The two stars of the show arrived at this poker game with not a lot of cards up their sleeves. “The first time I’d even heard this bike running was yesterday,” said Corser as he prepared for Friday’s two short qualifying sessions on Rex Wolfenden’s Honda-powered Harris F1. “My only testing was two laps at Willow Springs,” said Edwards of the aborted attempt to get acquainted with his Hyper-cycle-built, Yamaha Fj1200-powered XR69 replica. He’d flown from Texas to California for nothing when the bike failed. Neither was comfortable on their machines and suffered the same issues: a stiff throttle action and difficulty with a notchy gear change linkage on bulky, unfamiliar machines built for hobby racing. Welcome to classic racing. While Corser and Edwards struggled, Team UK circulated in groups, dragging their new star members Dan Linfoot, Michael Rutter and Lee Johnston up to pace. None of this trio had ever seen Phillip Island before. Meanwhile Davo Johnson cleverly left them alone and found an empty space on the track, quietly building up speed until a last lap lunge pushed Jeremy Mcwilliams off his accustomed pole position. Afterwards Corser was offered a Plan B by Wolfenden, who managed to get rival teams to allow his star to update to a later Period 6 FJ1200 Yamaha. They agreed because it had no more power than their Forgotten Era machines, which run similar engines. Edwards had no such option available but soldiered on with his typical sense of optimism. “It is what it is,” he drawled. The stage was set.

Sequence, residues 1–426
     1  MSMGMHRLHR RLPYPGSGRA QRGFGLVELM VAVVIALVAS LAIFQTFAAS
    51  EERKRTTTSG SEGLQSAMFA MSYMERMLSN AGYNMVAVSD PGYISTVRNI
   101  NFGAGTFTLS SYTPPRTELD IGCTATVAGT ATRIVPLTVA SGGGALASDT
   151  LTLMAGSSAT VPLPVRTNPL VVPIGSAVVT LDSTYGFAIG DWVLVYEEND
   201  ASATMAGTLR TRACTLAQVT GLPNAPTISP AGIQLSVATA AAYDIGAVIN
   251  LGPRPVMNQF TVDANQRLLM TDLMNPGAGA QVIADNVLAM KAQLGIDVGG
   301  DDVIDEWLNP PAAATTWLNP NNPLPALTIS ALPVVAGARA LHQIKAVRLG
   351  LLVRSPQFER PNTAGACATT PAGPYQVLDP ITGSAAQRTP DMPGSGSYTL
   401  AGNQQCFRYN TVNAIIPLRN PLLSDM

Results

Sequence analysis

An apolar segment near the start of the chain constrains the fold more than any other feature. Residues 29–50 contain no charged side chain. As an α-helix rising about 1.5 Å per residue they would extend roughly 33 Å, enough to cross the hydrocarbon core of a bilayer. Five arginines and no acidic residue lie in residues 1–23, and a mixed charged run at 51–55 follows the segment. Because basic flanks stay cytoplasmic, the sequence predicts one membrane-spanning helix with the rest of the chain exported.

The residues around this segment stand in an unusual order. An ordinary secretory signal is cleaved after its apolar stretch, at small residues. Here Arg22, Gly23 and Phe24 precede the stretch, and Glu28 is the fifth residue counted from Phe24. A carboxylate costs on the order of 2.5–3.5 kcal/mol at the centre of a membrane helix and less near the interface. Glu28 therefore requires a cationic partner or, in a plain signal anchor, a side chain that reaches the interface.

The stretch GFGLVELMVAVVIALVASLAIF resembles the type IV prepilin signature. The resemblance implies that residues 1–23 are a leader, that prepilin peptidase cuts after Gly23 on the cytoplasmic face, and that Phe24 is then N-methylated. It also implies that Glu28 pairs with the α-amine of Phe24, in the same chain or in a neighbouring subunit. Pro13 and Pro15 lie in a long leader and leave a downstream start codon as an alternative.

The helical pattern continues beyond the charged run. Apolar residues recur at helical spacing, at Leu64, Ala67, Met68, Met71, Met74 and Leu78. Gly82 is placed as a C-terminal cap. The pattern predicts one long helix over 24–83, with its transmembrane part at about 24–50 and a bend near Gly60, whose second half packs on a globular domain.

Race by race